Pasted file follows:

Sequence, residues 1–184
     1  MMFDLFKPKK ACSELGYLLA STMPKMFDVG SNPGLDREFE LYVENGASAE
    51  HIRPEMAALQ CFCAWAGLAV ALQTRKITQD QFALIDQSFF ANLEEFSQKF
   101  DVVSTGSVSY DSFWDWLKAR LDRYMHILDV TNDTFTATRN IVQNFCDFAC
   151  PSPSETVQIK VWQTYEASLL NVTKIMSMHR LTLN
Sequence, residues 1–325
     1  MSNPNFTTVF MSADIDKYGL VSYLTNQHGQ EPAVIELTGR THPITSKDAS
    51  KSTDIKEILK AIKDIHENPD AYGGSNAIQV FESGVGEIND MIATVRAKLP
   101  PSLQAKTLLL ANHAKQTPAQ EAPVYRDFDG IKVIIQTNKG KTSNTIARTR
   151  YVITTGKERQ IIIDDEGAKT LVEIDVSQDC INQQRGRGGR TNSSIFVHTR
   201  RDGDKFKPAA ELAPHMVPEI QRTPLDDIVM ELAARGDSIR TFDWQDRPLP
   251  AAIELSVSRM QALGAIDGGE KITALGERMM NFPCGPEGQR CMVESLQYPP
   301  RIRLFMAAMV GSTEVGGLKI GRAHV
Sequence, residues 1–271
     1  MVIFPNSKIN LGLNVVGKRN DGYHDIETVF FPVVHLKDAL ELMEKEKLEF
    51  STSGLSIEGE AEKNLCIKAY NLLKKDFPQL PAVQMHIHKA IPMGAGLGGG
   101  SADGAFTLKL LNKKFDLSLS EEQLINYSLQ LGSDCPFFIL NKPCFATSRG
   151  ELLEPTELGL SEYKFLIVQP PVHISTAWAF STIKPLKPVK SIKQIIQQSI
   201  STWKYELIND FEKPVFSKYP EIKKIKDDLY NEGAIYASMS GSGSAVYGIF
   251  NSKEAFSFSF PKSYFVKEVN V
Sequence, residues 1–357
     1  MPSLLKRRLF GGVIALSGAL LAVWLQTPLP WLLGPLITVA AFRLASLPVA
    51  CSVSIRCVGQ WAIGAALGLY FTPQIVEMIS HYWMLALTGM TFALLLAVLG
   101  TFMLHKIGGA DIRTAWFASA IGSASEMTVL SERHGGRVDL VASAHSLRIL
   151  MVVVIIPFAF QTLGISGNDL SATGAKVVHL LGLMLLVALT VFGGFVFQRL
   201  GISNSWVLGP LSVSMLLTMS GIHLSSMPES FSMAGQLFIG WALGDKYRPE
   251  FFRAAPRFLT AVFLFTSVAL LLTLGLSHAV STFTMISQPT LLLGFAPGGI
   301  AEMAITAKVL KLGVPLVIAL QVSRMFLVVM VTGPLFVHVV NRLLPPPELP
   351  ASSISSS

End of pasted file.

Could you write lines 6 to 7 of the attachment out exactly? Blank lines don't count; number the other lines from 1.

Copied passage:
Sequence, residues 1–325
     1  MSNPNFTTVF MSADIDKYGL VSYLTNQHGQ EPAVIELTGR THPITSKDAS